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WASHINGTON (Reuters) - U.S. Senate Majority Leader Chuck Schumer said on Tuesday he hoped to have a July vote on a bipartisan infrastructure bill, but a second measure would be needed to incorporate climate and human infrastructure measures.
The top Senate Democrat told reporters there are many in his caucus who think the bipartisan proposal is a good start but does not do enough.
Democrats and Republicans in the 50-50 split Senate have been negotiating behind the scenes on a potential $1 trillion bipartisan infrastructure bill, with slightly more than half of that plan consisting of new funding. The rest would come from already approved money for COVID-19 relief and other programs.
But President Joe Biden and his fellow Democrats in Congress want a much larger effort that not only invests in traditional infrastructure such as road and bridge-building, but in significantly reducing carbon emissions and helping the elderly and others receive home healthcare.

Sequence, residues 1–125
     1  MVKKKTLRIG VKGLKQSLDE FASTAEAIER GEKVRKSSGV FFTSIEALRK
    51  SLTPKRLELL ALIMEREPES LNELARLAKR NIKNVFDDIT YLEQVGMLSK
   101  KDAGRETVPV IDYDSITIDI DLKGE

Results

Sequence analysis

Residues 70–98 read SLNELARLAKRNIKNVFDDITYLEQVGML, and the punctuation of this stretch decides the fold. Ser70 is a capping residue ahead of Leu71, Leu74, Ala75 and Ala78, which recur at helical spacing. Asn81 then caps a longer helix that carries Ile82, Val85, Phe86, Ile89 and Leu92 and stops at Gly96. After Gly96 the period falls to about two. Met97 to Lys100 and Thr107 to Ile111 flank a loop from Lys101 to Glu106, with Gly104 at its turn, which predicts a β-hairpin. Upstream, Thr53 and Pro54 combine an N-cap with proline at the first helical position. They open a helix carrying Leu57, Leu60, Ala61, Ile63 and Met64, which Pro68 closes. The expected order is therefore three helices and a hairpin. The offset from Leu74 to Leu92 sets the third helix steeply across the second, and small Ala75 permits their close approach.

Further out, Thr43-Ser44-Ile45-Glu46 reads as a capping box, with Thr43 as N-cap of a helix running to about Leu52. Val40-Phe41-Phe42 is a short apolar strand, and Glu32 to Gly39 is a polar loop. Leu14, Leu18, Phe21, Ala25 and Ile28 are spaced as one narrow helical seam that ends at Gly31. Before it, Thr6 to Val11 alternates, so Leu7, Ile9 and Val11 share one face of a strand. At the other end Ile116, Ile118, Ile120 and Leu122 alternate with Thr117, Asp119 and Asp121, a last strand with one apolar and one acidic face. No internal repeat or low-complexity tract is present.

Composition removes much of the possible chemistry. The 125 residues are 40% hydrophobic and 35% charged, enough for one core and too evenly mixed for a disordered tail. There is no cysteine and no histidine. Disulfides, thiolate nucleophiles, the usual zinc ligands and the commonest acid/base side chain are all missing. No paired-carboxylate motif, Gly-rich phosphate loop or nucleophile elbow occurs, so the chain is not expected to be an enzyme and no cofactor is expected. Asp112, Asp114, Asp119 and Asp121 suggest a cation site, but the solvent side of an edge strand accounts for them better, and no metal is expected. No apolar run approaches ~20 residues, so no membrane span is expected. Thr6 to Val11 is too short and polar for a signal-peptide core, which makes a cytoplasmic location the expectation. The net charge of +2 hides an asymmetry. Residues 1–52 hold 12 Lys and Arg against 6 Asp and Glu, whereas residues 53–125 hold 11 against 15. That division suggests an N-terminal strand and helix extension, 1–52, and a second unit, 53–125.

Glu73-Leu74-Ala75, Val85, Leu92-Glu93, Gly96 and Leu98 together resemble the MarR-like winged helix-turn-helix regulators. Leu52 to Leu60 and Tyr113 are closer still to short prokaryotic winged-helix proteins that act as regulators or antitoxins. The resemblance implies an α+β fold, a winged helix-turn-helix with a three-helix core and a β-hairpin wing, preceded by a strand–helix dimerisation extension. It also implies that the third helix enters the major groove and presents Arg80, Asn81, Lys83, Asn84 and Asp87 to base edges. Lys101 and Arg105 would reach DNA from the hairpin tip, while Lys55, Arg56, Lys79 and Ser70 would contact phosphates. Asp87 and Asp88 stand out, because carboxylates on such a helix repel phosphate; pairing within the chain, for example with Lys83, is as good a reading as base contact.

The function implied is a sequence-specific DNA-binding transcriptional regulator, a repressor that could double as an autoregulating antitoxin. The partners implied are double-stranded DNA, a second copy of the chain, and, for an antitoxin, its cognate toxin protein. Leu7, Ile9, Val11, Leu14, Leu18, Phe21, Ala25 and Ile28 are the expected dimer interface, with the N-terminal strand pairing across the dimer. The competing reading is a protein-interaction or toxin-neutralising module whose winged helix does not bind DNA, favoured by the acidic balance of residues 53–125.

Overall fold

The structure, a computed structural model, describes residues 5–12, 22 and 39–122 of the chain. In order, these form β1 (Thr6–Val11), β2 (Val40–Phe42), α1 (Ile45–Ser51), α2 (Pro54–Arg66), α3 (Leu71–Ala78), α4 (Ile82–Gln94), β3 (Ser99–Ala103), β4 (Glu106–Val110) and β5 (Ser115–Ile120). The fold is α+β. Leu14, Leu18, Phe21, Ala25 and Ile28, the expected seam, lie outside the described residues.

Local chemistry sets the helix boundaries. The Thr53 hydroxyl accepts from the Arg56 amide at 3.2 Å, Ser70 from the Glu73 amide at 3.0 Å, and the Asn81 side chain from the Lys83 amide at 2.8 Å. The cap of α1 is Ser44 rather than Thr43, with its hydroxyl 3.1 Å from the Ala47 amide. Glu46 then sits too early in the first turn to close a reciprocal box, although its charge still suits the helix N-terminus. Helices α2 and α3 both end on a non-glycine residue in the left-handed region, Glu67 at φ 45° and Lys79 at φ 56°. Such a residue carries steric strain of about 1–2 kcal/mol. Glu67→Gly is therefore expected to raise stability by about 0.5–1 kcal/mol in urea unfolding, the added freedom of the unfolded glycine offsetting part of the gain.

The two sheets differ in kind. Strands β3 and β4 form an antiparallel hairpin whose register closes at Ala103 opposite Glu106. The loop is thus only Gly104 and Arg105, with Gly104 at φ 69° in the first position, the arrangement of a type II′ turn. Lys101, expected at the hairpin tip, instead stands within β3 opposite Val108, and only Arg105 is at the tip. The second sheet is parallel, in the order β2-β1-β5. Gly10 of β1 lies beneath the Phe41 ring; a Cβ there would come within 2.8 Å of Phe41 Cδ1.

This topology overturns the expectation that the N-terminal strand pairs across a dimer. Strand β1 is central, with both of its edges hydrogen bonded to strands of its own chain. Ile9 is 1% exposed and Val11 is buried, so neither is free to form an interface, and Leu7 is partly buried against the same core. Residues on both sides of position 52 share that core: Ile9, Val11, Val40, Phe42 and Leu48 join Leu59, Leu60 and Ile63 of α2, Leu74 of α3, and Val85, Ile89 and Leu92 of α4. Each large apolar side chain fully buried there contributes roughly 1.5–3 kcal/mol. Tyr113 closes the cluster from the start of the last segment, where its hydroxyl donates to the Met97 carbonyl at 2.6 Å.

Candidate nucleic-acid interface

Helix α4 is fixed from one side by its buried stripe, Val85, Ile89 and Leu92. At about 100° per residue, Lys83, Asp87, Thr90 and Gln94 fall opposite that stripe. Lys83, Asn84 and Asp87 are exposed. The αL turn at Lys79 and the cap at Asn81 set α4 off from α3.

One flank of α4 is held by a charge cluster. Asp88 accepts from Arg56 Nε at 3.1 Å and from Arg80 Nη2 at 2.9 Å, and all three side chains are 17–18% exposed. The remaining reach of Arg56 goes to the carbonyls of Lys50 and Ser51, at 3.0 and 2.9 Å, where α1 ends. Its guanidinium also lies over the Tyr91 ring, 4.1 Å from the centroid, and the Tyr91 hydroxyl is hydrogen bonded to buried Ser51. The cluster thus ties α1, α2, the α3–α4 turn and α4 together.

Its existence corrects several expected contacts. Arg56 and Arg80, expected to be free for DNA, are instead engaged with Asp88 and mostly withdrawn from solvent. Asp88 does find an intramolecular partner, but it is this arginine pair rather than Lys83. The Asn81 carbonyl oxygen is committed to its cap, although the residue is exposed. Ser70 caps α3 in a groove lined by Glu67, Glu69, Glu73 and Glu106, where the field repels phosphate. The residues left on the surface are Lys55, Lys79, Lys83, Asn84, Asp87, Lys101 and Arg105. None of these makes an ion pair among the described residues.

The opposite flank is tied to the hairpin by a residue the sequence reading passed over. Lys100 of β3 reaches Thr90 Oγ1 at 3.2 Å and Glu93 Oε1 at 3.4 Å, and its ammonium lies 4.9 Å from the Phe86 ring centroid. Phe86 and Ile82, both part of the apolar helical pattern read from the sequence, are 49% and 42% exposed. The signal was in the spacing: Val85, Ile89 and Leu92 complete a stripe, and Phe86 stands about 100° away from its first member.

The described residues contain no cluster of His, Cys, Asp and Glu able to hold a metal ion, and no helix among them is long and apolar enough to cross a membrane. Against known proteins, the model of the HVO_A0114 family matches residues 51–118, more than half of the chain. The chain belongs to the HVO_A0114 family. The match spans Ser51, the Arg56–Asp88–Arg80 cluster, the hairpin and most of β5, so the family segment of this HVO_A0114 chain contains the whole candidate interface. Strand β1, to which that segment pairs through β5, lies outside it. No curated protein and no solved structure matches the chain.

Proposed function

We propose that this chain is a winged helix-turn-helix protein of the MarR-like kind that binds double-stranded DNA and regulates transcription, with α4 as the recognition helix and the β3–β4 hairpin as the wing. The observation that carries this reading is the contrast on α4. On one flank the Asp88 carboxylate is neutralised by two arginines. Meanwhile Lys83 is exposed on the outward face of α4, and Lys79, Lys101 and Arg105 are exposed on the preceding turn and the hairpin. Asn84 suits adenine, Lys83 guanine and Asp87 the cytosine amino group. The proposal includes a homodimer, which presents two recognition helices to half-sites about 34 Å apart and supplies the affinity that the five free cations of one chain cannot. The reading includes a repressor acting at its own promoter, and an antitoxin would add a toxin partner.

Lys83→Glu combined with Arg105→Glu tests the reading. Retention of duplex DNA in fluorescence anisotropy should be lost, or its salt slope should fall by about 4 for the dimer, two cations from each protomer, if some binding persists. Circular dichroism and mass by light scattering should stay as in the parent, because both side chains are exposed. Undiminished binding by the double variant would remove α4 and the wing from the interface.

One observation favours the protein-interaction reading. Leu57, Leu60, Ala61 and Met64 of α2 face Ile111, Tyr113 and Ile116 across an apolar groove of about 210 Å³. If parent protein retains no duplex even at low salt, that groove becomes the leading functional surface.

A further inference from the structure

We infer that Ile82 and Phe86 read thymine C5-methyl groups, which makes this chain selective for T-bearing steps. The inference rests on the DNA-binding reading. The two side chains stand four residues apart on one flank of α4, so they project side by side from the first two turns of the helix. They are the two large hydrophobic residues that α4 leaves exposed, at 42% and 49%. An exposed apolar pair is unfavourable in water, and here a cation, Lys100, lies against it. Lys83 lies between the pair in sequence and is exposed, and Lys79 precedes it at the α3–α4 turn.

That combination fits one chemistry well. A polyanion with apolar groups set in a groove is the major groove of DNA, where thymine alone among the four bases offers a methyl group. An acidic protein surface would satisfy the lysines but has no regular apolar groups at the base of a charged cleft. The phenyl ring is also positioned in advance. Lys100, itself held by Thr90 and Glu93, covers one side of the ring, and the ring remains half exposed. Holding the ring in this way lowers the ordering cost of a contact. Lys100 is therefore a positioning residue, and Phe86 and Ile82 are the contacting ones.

"In order to move forward on infrastructure, we must include bold action on climate," Schumer told reporters.
Senate Republican leader Mitch McConnell said he was hopeful of passage of a bipartisan bill but reiterated that any such measure must not undo any of the 2017 tax law that gave substantial breaks to corporations and the wealthy.
A second, Democrats'-only bill, if there is one, likely would advance this fall.
(Reporting by Richard Cowan, Susan Cornwell and David Morgan; Writing by Doina Chiacu; Editing by Chris Reese and Peter Cooney)